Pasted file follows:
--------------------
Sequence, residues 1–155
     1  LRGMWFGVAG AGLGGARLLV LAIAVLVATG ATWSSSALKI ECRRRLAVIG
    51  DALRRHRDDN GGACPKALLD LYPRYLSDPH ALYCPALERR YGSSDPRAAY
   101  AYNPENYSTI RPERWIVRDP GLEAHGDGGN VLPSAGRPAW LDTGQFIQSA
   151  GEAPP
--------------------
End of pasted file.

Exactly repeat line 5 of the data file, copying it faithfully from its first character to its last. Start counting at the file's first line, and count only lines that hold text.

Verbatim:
   151  GEAPP